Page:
Modern ICDs act as pacemakers and defibrillators. Here is discussed deactivation of ICDs with the use of a magnet... 

If you require deactivation of an ICD urgently outside office hours, a magnet is available from Macclesfield CCU. This can be strapped to the chest using adhesive tape over the implant site.
 Further reading -
Liverpool Care Pathway - Catch Up EoLC

 Nurse Together continues -
Also, despite having an internal defibrillator, it is unlikely he went from an unshockable rhythm (asystole) to a shockable rhythm (ventricular tachycardia or ventricular fibrillation). This begs the following questions: 
  • Was this man ever really without a pulse and not breathing?
  • How did the hospice nurse determine the man was dead?
  • Did the nurse auscultate heart sounds or merely feel for a peripheral pulse?
At Mid Cheshire, thankfully, they can recognise when a patient is in the last days and hours of life. Otherwise disablement or deactivation of an Implantable cardioverter defibrillator (ICD) might be a death sentence.
I’m back at the nurses’ station. There is a lone nurse at the desk. “Can you tell me where J*** is please? He was in that room just there.” I indicate in the direction of the room.
She pauses, rifles through some documents. A puzzled look adorns her face.
“I think he is gone...”
Another nurse returns to the station from some duty which had kept her.
The first nurse looks up from her ponderings. “Do you know where J*** is?”
The second nurse muses. “J*** is gone I think.”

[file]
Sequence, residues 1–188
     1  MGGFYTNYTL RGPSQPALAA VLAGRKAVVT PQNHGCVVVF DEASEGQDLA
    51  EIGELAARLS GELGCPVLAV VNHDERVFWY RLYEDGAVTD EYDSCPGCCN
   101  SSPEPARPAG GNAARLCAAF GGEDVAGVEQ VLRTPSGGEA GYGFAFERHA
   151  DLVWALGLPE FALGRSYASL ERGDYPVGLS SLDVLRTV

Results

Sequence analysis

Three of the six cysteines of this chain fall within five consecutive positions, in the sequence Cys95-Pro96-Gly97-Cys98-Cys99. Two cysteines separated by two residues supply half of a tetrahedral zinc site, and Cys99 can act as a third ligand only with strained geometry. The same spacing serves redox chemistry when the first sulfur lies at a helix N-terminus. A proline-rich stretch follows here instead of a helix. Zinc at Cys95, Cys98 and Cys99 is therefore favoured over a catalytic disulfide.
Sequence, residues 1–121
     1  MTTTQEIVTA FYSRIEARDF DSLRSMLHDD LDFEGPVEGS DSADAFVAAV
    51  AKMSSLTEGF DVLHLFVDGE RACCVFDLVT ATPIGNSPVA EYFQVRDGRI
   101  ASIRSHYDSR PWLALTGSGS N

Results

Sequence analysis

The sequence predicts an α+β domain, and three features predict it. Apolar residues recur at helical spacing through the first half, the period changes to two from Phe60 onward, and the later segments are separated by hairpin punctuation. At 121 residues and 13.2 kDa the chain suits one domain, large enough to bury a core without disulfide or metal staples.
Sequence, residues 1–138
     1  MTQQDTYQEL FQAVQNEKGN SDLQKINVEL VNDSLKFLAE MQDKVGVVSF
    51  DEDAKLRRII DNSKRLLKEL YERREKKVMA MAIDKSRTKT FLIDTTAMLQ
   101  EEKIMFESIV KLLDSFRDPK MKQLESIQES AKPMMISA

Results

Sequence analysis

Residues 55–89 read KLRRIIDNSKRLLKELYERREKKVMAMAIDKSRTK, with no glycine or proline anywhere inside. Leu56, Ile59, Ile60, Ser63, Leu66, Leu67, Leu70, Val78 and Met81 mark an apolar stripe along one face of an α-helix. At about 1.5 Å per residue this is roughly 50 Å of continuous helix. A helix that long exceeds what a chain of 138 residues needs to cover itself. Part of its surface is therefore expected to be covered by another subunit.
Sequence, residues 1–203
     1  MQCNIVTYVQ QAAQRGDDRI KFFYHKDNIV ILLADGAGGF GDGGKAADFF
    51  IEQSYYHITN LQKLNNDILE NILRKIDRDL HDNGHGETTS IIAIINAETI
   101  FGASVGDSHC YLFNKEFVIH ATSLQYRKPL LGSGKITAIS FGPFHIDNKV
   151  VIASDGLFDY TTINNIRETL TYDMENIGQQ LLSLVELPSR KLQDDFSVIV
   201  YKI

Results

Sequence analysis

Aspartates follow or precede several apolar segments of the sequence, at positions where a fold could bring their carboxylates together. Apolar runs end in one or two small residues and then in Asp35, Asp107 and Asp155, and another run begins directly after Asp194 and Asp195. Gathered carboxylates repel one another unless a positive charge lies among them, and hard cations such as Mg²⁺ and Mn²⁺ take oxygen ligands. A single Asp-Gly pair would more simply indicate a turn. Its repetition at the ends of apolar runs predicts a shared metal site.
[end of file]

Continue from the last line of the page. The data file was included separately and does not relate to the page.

Neither nurse is certain. There appears no paperwork to paper chase J***’s whereabouts.
I am perplexed. “He’s gone back to the nursing home...? I spoke to a doctor on the phone just this morning.”
A face peeps out through a door. It is a young, fresh-faced man in a check shirt, seated in a chair. “I think he’s gone to G**** Ward, just next door.”
He acknowledges our confusion and beams with pleasure he is able to assist. “Yes, I wondered where he’d gone myself...”
Katie Morales writes -
Peripheral pulses can be hard to palpate in critical patients. As a Georgia nurse, I cannot legally pronounce patients dead. I can determine there is no pulse and respirations.
To accurately pronounce a patient dead, however, one must examine the patient. Following standard emergency assessment protocols, gently call the patient’s name as you rub the patient’s face or chest to determine unresponsiveness by trying to arouse the patient. Next, look, listen, and feel for the presence of a pulse and respirations. Auscultate heart sounds and palpate for a carotid pulse and check for pupillary light reflex.
The absence of all of these indicates the patient is dead. The time of the exam is noted as the time of death.
I have to believe these cases are rare. For it to be otherwise is simply unthinkable and reminiscent of a Robin Cook novel. We must never forget how fragile life is as we tend those entrusted to our care.
Life is fragile and life is precious.
“I understand J**** has been moved here from B***** Ward...?” I am on G***** Ward speaking to a nurse at her station. She directs me to Room 3.
J**** is in a larger room with none of the prior restrictions on entry. He is on a sodium lactate (Hartmann’s Solution) drip and oxygen. I notice he has a fluid restriction of 1500ml. There is no monitor, however. There is no-one about to ask about the infection.
A nurse appears outside with a dispensing trolley. She looks at the chart and obliges my request for information by telling me that J**** is still on antibiotics. These will continue for a few days. They will look for markers to see if these are taking effect. She knows nothing  of the phone call today.
Katie Morales concludes her article with a question: Do nurses have the right to pronounce a patient dead?

May doctors, likewise, pronounce a patient to be dying and then act upon that decision by withdrawing or withholding treatment that makes that end that more certain?